The New Yorker Magazine had Daniel Pink for its monthly book club chat session, which is always interesting. For those who don’t know Dan, he wrote what I consider to be the counter-argument to Friedman’s The World Is Flat with A Whole New Mind, Why Right Brainers will Rule the Future. He has a great new book – Drive, which is all about the right kind of motivation.
During the chat, Dan wrote something that stuck with me – “People are more scared of failure than of mediocrity. It should be the reverse.”
When we talk to companies about their social strategies, there is always a fear of messing up. These brands have spent years getting their digital presence refined, now these brands are starting over as they try to engage consumers. Nobody wants to be the next case study for social failure. What results is what Dan Pink described – mediocrity.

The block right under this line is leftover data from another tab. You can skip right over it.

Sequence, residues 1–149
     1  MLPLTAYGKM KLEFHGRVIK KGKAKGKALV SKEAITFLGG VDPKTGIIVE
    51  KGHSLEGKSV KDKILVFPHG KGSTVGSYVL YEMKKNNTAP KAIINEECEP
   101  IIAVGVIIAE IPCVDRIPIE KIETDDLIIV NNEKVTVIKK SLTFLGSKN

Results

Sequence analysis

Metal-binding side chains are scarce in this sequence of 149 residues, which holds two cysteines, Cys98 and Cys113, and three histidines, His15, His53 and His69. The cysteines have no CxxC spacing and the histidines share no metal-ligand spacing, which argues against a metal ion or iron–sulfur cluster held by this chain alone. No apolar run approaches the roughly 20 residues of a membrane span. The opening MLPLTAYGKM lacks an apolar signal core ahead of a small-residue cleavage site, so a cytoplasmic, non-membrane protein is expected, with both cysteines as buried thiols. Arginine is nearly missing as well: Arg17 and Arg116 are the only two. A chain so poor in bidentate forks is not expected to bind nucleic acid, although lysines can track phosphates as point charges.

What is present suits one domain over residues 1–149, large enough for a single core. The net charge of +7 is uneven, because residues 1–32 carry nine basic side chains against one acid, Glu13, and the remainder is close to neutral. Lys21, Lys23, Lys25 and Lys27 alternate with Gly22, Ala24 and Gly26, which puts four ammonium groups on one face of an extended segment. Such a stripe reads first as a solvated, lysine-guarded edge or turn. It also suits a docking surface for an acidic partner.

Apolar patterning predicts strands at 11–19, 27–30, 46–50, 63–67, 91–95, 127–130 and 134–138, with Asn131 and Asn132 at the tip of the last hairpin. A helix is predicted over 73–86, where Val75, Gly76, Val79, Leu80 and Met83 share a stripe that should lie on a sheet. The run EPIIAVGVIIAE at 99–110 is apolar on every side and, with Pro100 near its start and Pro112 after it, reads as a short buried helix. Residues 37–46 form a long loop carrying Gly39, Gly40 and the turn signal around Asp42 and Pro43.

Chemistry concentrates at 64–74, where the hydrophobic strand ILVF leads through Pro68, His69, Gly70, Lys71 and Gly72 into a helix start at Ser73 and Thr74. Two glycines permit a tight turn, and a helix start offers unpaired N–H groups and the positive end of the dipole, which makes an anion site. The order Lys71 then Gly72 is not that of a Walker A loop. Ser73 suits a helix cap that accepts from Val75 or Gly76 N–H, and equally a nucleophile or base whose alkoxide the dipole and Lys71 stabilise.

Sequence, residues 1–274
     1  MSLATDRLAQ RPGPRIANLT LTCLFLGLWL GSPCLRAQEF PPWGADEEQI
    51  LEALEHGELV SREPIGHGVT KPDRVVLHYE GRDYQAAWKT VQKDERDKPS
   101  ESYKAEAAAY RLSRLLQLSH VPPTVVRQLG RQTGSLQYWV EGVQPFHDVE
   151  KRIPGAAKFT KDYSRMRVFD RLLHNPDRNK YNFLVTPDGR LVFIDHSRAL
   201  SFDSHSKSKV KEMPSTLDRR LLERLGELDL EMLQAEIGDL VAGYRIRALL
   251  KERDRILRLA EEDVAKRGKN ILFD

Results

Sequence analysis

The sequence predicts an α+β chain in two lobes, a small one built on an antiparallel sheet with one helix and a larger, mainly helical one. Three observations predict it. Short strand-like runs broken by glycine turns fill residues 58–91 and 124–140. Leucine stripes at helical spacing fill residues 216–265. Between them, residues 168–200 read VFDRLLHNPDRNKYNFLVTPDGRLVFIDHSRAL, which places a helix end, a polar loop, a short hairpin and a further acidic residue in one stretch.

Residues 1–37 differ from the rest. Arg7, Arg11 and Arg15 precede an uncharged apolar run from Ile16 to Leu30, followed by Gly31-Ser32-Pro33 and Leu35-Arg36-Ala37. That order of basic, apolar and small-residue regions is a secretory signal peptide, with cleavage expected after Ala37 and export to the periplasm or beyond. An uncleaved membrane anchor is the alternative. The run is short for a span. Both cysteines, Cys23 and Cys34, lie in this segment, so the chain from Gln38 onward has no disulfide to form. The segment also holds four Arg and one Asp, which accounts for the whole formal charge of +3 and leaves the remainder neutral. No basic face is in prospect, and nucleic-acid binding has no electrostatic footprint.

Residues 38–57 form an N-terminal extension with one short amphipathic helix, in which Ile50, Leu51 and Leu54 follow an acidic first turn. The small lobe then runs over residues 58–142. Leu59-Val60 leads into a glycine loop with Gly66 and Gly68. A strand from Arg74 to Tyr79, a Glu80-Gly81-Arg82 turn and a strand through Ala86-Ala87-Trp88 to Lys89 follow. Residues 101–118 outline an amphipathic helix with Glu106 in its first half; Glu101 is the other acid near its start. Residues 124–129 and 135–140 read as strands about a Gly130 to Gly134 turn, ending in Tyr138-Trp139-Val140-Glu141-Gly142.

Social marketing is different than traditional marketing – its a conversation with consumers that needs to be authentic, marketing needs to offer value, brands need to listen. Shifting to this mindset takes time for brands, and the shift wont happen after a two day symposium.
No, you don’t need to have the number one social media marketing campaign in the world. Having a successful social marketing strategy is kind of like outrunning a bear while on a camping trip: you don’t need to be the world’s fastest runner, you only need to be faster than the other campers. Likewise, you don’t need to be the best social media marketing guru on the planet, just better than the other marketers out there when it comes to striking up the same conversation.